Tywin is no newbie to being Hand of the King — he was Aerys Targaryen's Hand, which was no small task. He's ruthless, clever, and fearless, employing whatever means necessary to accomplish what he believes should be done for the good of the realm (which usually ends up being very beneficial for his family, too). This includes trying to marry two of his children off to Loras Tyrell and Sansa Stark, not to mention orchestrating the Red Wedding. Ugh. For however unflinching and unpleasant Tywin was, he did bring one thing to the table that everyone enjoyed: he took none of Joffrey's whiny nonsense. At one point Tywin even sends Joffrey to bed without supper. That's ballsy, considering Joffrey once killed a prostitute with a freaking crossbow.
By the end of season four, Tywin serves as Hand of the King to Tommen after Joffrey is poisoned and proves that he gives exactly zero f*cks about his youngest son being wrongly accused of the regicide. Even though he is appointed to preside over the trial by Tommen, Tywin still sentences Tyrion to death. You can only push someone so much, and Tyrion takes out his father with a crossbow as he sits on the toilet. A satisfying but rather undignified way for such a towering figure to die, whatever his (admittedly major) personality flaws.
Hand to: Tommen Baratheon
Brother to Tywin, Kevan takes control as Hand once Cersei is arrested by the High Sparrow in season five and forced to do her humiliating walk of atonement. He isn't happy with the way Cersei takes over the Small Council after Tywin's death and doesn't think she should be involved with running the realm at all. He even walks out on Cersei and Jaime in season six when they try to join a Small Council meeting.
For what it's worth, Kevan does go along with Jaime and Cersei's plan to have the Tyrell army take Margaery and Loras back from the High Sparrow, but that all goes to hell when Tommen decides to make the religious leader his ally. Kevan is, unfortunately, very present at the Sept of Baelor when Cersei has it blown up with wildfire at the end of season six, so that's the end of him. The Hand of the King and the King himself, both dead probably within an hour of each other.
Tyrion Lannister (again)
Hand to: Daenerys Targaryen
Under Joffrey, Tyrion was constantly trying to keep his head above water serving a horrible king among selfish people who only valued influence and favors. Not exactly the place for someone who prizes real knowledge and accomplishments like Tyrion to really thrive. Under Daenerys, however, he's a well-needed voice of reason and wisdom for a fierce leader, who truly values what he brings to the table. Sure, his record hasn't been perfect (ahem, that "deal" with the slave masters?), but Daenerys knows a good adviser when she sees one. No wonder he swore to serve as her counsel forever.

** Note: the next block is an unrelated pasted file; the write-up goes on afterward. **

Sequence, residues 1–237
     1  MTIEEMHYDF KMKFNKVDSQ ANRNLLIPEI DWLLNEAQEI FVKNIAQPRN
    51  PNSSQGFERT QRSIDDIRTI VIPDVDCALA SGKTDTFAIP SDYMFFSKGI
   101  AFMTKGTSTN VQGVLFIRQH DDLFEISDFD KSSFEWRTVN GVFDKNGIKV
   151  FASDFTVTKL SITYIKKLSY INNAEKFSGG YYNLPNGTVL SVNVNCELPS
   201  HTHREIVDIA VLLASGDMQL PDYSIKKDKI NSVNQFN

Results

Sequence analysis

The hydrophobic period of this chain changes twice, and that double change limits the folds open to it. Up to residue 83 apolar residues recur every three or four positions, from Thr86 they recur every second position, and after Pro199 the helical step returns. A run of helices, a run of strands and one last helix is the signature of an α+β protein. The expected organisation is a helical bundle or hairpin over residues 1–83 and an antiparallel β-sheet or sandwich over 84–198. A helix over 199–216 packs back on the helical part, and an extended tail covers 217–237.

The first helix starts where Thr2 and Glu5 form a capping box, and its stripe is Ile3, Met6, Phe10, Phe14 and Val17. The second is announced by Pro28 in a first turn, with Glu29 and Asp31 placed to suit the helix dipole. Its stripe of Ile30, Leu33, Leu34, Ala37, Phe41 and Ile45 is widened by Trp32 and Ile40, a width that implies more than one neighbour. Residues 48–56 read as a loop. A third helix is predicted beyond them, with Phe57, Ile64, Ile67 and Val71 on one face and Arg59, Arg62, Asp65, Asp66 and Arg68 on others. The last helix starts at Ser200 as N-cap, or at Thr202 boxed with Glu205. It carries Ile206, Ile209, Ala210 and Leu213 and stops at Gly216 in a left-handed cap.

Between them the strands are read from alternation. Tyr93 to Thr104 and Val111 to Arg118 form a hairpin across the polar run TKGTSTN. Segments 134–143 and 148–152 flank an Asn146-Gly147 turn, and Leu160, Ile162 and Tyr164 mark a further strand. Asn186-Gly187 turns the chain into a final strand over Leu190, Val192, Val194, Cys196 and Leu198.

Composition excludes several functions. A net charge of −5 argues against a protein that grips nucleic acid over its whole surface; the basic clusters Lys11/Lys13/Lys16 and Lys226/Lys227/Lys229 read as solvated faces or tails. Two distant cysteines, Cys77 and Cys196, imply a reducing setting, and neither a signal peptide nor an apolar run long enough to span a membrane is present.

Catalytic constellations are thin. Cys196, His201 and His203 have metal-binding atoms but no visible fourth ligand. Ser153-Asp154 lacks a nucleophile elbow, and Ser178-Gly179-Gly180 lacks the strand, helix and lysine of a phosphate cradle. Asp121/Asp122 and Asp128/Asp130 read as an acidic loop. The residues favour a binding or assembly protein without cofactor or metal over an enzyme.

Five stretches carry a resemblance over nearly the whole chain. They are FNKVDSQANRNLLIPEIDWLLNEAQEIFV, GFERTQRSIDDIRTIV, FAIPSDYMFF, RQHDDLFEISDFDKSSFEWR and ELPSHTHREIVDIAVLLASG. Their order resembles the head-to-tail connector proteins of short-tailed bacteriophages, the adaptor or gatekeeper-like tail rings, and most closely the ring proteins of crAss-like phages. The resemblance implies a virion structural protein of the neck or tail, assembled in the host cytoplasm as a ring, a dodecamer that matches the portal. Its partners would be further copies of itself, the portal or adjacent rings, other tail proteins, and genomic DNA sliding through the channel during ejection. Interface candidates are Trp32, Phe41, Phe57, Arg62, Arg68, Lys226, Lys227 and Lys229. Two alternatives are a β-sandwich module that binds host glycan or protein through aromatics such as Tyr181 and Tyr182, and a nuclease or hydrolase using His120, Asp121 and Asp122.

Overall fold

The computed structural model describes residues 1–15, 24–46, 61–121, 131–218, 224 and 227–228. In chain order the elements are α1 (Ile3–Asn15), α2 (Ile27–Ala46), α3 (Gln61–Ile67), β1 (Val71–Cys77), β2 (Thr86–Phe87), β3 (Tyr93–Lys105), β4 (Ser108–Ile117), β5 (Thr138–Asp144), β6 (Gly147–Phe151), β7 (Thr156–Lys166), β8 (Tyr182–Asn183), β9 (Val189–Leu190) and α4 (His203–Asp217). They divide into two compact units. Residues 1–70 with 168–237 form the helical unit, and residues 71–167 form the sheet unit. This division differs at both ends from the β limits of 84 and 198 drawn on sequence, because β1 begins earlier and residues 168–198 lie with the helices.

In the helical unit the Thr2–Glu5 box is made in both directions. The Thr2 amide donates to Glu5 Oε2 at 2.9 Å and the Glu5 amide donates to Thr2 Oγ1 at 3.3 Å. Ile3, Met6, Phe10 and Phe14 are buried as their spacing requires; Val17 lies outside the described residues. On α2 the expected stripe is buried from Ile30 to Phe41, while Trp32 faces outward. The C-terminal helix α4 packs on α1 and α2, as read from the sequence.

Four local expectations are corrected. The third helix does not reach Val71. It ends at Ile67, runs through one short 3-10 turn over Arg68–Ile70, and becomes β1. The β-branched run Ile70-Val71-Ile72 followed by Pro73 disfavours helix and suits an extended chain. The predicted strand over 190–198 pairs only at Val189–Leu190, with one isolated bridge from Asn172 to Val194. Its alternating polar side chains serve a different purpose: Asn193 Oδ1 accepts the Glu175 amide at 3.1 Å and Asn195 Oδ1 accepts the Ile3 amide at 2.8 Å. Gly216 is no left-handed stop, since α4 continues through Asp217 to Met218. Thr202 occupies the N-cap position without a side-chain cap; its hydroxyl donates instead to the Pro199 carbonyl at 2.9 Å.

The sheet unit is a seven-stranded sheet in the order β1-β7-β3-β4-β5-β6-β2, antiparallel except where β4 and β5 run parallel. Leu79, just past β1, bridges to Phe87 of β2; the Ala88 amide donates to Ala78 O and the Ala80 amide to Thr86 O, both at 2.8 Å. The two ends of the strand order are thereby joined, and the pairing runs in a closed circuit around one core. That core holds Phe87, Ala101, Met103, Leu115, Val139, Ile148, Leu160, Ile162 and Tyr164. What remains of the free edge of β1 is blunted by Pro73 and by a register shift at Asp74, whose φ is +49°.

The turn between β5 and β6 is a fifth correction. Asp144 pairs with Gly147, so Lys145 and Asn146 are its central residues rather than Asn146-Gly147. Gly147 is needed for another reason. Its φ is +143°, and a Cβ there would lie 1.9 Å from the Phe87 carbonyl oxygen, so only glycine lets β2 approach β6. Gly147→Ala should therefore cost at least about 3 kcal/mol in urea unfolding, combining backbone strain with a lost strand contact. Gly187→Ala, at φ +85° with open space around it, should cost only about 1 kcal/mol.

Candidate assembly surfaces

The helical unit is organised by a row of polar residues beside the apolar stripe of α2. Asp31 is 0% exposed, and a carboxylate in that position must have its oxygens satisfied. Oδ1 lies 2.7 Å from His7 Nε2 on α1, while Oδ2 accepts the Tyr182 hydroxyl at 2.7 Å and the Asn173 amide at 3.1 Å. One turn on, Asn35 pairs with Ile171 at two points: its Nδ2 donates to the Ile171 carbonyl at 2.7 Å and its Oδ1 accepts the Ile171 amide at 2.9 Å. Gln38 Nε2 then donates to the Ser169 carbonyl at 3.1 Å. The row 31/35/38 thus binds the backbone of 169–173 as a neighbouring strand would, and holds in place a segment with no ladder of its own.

When it comes to a good balance between ruler and Hand, this one might be perfect: an experienced Hand with knowledge of Westerosi politics who truly believes in his queen and an ambitious, badass ruler who has no problem showing her power but still recognizes that she can learn a lot from those around her.
Hand to: Cersei Lannister
In case you were freaking out too much over what was happening to notice, when Cersei is crowned queen in the season six finale, you can indeed see Qyburn wearing the unmistakable pin of the Hand. It's not exactly surprising considering how few allies Cersei has left these days, but it can't mean anything good for the future.
Qyburn has been gaining favor with Cersei in little ways since season four, and now that he's in such a powerful position, it's easy to see how dangerous he could be on a grand scale. Anyone who would willingly bring the Mountain back to life isn't exactly someone you'd want whispering into the queen's ear. He has had no qualms about helping Cersei's cause, no matter how unpleasant the methods (ahem, using children to murder?!), and he's always stuck by her, even through her arrest and trial in season five.
After Cersei's insane power grab in season six, who knows what might be in store for King's Landing — but it's safe to say that whatever plans Cersei has, Qyburn will be there to help carry them out.